The pitch will be made at this week's Board of Regents meeting.
"There are no prestigious, elite, selective, great universities offering online education," UC Vice Provost Daniel Greenstein said. "There's an opportunity extend and enhance the quality of the brand by demonstrating that we can do it not just right, but really well."
Some campuses, like /*UCLA*/ and /*Berkeley*/, already offer online courses, but they're mostly through the extension arm.
In these tight-budget times, online degrees could be a way to serve more students.
/*University of Massachusetts*/ has one of the most successful online degree programs in the country, reporting a 20 percent increase in revenue and a 14 percent enrollment growth.
But UMass is no UC, and that's what worries some students.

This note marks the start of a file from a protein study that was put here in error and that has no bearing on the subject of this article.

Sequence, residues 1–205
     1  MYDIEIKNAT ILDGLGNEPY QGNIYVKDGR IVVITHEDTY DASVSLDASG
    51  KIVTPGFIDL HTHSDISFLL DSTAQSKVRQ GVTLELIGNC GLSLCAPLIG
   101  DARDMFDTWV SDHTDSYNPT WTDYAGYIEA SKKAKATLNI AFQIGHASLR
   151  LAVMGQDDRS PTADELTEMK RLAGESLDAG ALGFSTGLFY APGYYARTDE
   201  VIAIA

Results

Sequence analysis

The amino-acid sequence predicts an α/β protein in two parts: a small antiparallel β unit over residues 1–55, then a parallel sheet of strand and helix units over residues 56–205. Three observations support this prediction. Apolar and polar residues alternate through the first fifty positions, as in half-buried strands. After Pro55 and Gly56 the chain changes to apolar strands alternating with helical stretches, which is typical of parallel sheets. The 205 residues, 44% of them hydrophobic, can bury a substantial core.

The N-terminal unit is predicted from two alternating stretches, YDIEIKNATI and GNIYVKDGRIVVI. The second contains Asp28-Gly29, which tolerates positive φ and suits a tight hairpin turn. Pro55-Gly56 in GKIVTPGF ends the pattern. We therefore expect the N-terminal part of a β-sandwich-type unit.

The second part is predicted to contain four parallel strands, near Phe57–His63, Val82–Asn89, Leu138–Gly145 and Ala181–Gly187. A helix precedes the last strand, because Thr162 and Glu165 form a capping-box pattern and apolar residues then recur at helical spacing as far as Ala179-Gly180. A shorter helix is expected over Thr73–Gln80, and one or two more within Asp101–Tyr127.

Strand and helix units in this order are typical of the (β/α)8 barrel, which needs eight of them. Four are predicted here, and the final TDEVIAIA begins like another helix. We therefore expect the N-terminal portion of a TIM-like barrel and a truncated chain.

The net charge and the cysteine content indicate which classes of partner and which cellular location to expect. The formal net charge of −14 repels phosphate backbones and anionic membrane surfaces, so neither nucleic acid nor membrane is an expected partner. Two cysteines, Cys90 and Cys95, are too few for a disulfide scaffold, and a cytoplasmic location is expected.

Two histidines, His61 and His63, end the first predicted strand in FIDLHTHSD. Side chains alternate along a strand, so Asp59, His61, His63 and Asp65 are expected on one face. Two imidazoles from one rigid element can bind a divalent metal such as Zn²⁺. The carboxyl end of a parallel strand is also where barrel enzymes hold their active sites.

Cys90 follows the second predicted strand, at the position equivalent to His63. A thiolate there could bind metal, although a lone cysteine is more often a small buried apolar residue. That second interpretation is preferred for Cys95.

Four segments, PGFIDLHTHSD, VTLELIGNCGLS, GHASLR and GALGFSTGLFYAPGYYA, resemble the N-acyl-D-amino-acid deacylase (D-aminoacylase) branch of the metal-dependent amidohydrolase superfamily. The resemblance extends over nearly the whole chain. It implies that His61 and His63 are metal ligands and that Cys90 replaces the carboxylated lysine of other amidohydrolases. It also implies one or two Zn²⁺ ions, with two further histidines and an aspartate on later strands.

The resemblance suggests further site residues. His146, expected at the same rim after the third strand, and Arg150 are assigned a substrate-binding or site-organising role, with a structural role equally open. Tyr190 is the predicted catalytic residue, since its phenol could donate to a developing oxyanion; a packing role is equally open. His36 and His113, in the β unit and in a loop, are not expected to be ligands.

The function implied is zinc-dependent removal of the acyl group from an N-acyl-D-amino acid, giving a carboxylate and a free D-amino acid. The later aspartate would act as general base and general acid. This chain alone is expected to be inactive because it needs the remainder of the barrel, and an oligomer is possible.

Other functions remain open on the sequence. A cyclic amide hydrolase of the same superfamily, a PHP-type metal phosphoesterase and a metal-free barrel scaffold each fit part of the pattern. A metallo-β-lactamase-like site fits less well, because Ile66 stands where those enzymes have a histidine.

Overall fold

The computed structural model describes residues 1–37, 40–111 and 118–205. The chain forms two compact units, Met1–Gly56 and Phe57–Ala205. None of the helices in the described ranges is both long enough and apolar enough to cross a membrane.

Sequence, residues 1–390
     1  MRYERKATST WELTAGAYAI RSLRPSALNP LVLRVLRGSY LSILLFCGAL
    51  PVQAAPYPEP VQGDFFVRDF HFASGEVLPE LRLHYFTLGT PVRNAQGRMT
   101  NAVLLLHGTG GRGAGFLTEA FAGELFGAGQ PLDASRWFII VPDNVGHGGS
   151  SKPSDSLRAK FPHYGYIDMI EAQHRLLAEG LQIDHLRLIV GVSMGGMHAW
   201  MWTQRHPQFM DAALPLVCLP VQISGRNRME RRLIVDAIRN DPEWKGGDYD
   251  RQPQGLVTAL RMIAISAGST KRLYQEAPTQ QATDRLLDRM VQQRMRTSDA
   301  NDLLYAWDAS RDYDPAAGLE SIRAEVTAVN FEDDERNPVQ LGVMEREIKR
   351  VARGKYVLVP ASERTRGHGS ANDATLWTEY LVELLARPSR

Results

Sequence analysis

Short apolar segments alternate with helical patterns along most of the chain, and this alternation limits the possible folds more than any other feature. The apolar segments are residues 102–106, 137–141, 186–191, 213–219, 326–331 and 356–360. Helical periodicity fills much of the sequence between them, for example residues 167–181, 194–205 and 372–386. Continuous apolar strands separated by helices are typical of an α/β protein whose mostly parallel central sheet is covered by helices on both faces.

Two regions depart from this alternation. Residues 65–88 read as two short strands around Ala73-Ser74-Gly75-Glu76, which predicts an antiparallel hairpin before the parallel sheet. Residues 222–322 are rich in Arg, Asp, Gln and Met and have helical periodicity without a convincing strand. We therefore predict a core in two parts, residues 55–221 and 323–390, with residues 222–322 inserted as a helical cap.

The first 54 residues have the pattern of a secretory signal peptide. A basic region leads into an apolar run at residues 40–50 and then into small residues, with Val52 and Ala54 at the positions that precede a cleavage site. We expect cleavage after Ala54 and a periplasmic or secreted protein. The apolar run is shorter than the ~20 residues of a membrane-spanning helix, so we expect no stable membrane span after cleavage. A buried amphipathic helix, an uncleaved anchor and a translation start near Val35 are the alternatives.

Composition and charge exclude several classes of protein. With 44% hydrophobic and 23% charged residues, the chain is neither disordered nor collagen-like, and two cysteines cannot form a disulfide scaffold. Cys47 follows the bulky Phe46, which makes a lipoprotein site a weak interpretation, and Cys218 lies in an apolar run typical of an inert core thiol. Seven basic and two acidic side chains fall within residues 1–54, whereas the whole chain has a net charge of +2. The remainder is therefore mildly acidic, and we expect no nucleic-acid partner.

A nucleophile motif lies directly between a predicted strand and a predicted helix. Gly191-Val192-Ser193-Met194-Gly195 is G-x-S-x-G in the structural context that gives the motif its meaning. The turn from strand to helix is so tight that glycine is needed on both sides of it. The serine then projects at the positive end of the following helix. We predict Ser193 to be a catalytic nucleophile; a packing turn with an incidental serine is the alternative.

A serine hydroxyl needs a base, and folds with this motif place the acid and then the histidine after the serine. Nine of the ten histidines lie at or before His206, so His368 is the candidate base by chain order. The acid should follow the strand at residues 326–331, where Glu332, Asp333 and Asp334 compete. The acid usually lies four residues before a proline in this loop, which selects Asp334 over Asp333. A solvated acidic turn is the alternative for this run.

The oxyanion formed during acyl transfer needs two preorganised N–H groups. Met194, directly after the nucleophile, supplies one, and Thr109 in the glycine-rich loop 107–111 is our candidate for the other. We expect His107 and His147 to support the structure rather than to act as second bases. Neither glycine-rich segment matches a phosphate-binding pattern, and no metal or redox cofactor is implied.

While they embrace technology, they feel the prestige of a UC degree would diminish if online degrees were to be offered.
"The degree doesn't actually reflect the amount of work, the intelligence someone actually puts in the hard work to go through a UC education," said George Jeung, a student.
Professors, too, said there's still value in learning the old fashioned way.
"The classroom experience is best," said Dr. Winfried Schleiner, a professor of English literature."The learning experience, the exchange of ideas between live people."
But Thomas Maxwell thinks the classroom experience can be overrated. The student is taking a summer online course from a school in Utah because /*UC Davis*/ stopped offering a science class he needed.
"I can remember freshman chemistry," Maxwell said. "It's the professor and 500 students. If you think you're going to get to ask a question, it's probably not going to happen."
UC says it'll make sure the system's prestige isn't hurt.
For now, administrators hope to raise $6 million in private donations for the pilot program, with an eye on possible online degrees in the future.